A potted history – life before Moorfield Primary School

It is difficult to believe, but many years ago, the land that Moorfield Primary School and the houses of Nursery Close and Whalley Grove now stand on, was lush, open fields; a semi rural setting, a far cry from what we see today. The land was owned by a business man, Mr Jack Whalley, a local market gardener.

Jack lived on Moorfield Road in a small house (number 180) and at this time School Way, the road that now leads to Moorfield School, was nothing more than a cinder path that led to his small holding. At the time, the only buildings to be found on the land were Jackai??i??s barns and a house built during the Second World War to Air Raid Specifications, meaning it had to have a flat roof and thick concrete walls. This house still stands today and is now Number 2 School Way. Jack used the fields on his small holding to grow produce which he made his living from, selling them locally at the nearby Widnes market. Ai??Jack grew a vast range of vegetables such as cabbages, sprouts and potatoes as well as growing more delicate plants like tomatoes and flowers in his greenhouses. Although Jack used his land to make a living and provide for his family, he kept a part of it fallow and left it to grow into a wild meadow; a tranquil space containing a pond which local youngsters used to fish in.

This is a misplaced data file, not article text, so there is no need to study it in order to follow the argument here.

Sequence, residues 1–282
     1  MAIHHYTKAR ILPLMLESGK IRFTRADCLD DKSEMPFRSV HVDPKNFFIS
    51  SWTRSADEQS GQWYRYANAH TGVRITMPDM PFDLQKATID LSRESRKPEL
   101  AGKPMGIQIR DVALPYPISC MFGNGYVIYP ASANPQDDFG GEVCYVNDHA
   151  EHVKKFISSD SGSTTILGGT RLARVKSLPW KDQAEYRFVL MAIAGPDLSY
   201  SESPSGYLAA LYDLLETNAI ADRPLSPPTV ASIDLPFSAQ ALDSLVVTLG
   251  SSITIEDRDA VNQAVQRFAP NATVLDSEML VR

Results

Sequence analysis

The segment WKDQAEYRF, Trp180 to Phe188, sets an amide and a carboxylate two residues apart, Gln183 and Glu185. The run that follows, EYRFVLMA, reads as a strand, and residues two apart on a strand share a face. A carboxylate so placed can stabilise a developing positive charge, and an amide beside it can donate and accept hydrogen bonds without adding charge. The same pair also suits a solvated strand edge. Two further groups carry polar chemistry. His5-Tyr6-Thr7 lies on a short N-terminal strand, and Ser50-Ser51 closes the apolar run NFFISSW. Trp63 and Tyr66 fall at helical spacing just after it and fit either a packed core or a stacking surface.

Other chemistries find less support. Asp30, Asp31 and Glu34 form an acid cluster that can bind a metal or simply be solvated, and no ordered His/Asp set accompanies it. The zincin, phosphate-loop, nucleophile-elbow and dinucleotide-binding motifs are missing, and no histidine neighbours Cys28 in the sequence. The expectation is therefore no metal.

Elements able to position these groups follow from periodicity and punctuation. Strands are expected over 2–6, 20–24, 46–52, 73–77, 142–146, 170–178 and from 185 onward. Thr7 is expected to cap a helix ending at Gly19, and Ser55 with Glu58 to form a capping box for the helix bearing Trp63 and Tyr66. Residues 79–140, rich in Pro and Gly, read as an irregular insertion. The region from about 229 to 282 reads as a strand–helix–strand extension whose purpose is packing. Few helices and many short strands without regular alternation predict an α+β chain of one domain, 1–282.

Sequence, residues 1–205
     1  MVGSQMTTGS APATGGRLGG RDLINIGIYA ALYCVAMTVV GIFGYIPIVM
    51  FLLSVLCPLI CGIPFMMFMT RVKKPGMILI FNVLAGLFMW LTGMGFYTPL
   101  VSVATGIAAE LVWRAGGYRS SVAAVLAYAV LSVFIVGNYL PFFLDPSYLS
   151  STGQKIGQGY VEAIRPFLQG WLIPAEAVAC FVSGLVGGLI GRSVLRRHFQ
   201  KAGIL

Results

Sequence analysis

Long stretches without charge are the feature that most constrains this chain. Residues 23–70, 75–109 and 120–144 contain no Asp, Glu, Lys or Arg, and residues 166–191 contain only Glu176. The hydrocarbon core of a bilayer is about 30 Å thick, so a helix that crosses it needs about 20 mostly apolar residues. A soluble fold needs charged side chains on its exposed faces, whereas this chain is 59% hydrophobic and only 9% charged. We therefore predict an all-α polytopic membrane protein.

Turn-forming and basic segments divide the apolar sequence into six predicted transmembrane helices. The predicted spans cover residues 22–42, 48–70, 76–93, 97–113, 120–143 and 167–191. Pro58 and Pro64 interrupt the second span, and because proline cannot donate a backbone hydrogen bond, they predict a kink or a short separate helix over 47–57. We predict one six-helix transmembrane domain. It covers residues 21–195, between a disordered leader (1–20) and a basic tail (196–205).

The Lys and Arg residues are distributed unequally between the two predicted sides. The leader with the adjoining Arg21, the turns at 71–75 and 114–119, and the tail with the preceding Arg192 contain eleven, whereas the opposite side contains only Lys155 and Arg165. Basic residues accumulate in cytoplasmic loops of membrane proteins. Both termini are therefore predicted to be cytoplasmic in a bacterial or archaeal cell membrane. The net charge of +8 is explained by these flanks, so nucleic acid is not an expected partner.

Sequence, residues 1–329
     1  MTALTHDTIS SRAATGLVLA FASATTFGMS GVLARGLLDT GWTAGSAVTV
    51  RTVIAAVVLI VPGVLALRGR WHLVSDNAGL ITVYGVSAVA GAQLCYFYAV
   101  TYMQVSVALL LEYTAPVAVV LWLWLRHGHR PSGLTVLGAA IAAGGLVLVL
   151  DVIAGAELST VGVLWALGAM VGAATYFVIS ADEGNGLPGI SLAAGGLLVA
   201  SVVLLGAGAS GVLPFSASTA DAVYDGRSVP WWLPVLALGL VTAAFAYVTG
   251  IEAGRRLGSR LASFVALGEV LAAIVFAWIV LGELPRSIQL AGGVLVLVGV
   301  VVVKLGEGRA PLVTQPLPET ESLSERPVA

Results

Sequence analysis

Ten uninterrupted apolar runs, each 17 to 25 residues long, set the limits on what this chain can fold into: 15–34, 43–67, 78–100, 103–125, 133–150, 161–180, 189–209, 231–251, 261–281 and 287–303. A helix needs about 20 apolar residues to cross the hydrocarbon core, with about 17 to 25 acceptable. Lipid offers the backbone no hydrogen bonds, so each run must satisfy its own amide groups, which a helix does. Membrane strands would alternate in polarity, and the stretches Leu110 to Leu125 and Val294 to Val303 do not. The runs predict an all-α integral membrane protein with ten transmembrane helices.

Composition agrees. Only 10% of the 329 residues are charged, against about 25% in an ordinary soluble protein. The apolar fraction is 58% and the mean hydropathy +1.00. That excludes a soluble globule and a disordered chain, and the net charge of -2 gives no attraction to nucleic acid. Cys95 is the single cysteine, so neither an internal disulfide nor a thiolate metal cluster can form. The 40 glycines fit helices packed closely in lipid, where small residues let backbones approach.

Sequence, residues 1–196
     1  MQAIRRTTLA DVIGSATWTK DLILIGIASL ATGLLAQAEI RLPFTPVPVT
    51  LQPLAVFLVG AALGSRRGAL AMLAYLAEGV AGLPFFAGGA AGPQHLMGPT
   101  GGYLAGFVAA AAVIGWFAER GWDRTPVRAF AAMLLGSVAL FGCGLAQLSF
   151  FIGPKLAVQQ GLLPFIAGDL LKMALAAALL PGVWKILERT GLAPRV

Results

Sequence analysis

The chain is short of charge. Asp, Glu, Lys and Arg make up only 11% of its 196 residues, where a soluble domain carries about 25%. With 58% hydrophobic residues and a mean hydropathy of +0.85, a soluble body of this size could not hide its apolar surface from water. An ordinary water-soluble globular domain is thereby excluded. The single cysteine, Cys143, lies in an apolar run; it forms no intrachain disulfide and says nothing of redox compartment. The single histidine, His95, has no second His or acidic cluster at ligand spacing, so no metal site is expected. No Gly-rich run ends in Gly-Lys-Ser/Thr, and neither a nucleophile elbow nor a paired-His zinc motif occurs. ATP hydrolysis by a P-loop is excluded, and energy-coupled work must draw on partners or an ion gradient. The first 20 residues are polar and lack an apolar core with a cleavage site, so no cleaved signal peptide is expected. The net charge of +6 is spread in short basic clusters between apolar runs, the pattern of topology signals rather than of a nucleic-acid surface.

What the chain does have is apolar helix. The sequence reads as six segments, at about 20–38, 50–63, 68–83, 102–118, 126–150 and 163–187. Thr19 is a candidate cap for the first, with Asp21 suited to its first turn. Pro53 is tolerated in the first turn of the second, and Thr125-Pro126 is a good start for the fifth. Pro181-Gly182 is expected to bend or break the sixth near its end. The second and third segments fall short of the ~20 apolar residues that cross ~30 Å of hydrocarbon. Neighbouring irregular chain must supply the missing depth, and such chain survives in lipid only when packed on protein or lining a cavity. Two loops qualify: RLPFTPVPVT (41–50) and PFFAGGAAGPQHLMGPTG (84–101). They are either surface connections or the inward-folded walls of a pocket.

Jack was the proud owner of two magnificent, working shire horses that he used to plough his fields with, in preparation for the crops he would sow. They were housed comfortably, at night, in barns which actually stood on the site that Number 1 School Way is now to be found. Jack loved his horses and although they were working horses, he took great pride in entering them into local competitions, and shows which were popular at the time.

When Jack eventually decided to retire, he sold his land at auction for the princely sum of A?2000 ai??i?? a considerable sum of money at that time! The land was bought by two separate buyers: Dale Homes and The Local Council. Time inevitably brings change and major changes were definitely a foot for Jackai??i??s peaceful idyll. Dale homes went on to develop the land into a residential area, being responsible for many of the houses that we see today on Nursery Close and Whalley Grove. The council however had different plans for Jackai??i??s fields and didnai??i??t build on them at all, instead they decided to use them as playing fields for local football and rugby teams, until finally in 1963 Moorfield School was built and opened in September of that year.

The information above was kindly given to us by Jack Whalleyai??i??s grandson Roy French and his wife, Jean, January 2014.

Former Headteachers

It is fitting that land that was once used to grow crops and flowers is now used to grow and nurture young people. Each of these Headteachers has helped to create and establish Moorfield as you see it today; we are all proud of the legacy that lies before you and the uniqueness that is ‘Moorfield’.

Miss Starmer Ai??Ai??Ai??Ai??Ai?? 1963 ai??i?? 1970

Mr HowarthAi??Ai??Ai??Ai??Ai??Ai??Ai??Ai??1970 ai??i?? 1976

Mr KirkmanAi??Ai??Ai??Ai??Ai??Ai??Ai??Ai??Ai??1976 ai??i?? 1989

Mr ThompsonAi??Ai??Ai??Ai?? 1989 ai??i?? 1997

Mrs CaunceAi??Ai??Ai??Ai??Ai??Ai??Ai??Ai?? 1997 ai??i?? 2007

Mr Williams Ai??Ai??Ai??Ai??Ai??Ai?? 2007 ai??i?? 2016

Miss HeyesAi??Ai??Ai??Ai??Ai??Ai??Ai??Ai?? 2016 –

This information is provided in good faith and we believe it to be accurate.